In a small village, close to the westernmost point of the Norwegian mainland, lies the world’s biggest carbon capture technology facility. Technology Centre Mongstad has gathered experts from around the world. Their job is to catch the future.
Carbon capture is at the top of the agenda for many emission-heavy industries. Here, among sea eagles, Atlantic salmon and wild deer, companies from Japan in the east to the US in the west come to test their technologies.
The stunning coastal landscape of the Nordhordland district on the western coast of Norway features a string of islands and heathlands, a reminder to visitors of the importance of reducing their carbon footprint. It is not far from the fjords and receding glaciers, and the historic harbour district in Bergen, one of Northern Europe’s oldest port cities which was already an established centre for trade in the 12th century.
Technology Centre Mongstad (TCM) not only gives companies access to its facilities, but also to its extensive expertise and open source technologies. The centre is celebrating its 10-year anniversary in 2022. Although 10 years might not sound like a long time, it represents an enormous wealth of knowledge and experience in terms of CO₂ capture.
“Sharing knowledge is a key goal for us. Our role in conserving nature is through spreading knowledge and expertise about carbon capture and ensuring that the full-scale projects we see popping up around the world are successful,” says Muhammad Ismail Shah, managing director at Technology Centre Mongstad.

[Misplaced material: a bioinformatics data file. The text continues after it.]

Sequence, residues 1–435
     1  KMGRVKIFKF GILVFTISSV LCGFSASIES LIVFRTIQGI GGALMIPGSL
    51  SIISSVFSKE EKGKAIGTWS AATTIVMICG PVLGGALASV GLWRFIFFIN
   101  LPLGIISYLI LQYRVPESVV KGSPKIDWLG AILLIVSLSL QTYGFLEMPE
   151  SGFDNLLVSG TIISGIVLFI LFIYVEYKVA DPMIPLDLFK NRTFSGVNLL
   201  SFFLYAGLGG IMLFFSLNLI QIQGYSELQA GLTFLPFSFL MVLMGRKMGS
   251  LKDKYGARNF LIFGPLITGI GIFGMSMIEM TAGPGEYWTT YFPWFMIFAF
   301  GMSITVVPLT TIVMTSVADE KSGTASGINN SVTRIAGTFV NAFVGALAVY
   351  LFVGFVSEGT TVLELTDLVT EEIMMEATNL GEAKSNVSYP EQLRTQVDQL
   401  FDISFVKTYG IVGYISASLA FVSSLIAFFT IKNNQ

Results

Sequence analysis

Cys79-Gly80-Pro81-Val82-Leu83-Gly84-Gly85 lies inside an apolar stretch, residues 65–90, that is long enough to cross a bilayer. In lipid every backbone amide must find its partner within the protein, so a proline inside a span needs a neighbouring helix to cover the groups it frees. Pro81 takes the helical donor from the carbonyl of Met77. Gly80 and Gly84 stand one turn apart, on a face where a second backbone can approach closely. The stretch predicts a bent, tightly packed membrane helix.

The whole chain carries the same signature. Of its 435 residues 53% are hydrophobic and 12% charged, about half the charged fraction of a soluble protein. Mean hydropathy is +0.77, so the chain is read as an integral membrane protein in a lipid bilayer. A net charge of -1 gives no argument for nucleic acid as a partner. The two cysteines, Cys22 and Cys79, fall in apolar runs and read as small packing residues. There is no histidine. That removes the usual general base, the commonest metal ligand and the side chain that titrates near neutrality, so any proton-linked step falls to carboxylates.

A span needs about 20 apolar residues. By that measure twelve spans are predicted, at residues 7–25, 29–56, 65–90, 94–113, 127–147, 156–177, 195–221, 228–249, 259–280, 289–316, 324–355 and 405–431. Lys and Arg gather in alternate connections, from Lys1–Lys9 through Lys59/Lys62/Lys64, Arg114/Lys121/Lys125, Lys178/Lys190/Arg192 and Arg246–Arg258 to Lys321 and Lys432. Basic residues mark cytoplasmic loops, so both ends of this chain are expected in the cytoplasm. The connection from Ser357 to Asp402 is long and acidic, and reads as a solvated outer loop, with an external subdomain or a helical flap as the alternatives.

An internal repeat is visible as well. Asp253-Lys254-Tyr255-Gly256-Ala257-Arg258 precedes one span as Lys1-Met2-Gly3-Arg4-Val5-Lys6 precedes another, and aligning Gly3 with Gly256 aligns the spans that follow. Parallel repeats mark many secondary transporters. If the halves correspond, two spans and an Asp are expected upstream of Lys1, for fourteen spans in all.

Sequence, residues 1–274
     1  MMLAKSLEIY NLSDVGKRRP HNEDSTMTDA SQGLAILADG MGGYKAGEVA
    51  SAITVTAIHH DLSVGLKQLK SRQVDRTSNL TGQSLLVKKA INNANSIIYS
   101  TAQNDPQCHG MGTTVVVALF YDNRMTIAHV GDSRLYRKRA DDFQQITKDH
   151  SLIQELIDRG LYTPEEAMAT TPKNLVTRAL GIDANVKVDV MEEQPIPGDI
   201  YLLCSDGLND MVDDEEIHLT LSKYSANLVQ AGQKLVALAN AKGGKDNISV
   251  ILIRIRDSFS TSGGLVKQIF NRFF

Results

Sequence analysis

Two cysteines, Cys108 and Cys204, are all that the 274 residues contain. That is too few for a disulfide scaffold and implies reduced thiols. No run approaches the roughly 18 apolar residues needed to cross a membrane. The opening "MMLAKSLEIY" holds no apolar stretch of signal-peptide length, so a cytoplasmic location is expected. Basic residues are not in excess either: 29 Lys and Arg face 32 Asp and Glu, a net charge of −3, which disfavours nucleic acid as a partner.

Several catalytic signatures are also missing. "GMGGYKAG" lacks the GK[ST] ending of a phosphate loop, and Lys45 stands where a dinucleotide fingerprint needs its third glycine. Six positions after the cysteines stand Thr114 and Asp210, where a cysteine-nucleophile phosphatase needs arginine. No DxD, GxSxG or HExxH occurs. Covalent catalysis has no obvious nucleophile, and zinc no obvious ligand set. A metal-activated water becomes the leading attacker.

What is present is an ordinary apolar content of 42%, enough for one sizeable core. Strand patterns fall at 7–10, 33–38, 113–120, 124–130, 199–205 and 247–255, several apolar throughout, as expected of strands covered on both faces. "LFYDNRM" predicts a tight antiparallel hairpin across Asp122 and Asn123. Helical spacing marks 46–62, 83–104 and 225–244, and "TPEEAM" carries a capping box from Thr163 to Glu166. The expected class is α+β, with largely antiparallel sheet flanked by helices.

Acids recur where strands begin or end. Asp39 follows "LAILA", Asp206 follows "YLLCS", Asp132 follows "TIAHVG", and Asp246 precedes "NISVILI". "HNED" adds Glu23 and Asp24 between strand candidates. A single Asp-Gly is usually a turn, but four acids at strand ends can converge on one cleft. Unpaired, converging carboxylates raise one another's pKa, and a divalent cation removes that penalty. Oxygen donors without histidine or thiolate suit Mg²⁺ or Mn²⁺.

According to Shah, an open source strategy is key to succeeding with carbon capture across borders.
“Multiple long-term test campaigns have been conducted using open source technology, and their results have been shared publicly. Our test centre is globally renowned for its publications that address both the benefits and the challenges of carbon capture.”
The centre is designed to demonstrate and verify commercial technologies. Its state-of-the-art facilities include a site for testing emerging technologies, an amine plant and a chilled ammonia plant. A broad range of technologies can now be tested at the facility.
“The professional environment at TCM is both broad and strong. Here, both researchers and operators work together. Our common goal is to develop technology that is mature enough to enter the market commercially and enable secure carbon capture, including in the future,” says Kjetil Hantveit, modification manager at TCM.
Located next to Equinor’s refinery at Mongstad, the centre has access to two live flue gas sources with a CO₂ content ranging from 4 to 15 per cent. Both the amine plant and the chilled ammonia plant each have the capacity to capture around 100 000 metric tons of CO₂ per year. Meanwhile, the emerging technology site can capture 18 000 metric tons per year.
“At TCM, we demonstrate control of operations and emissions, with over 4 000 online instruments and manual sampling points to collect valuable data. TCM’s internationally recognised capabilities are actively used to demonstrate carbon capture at a large scale,” says Shah.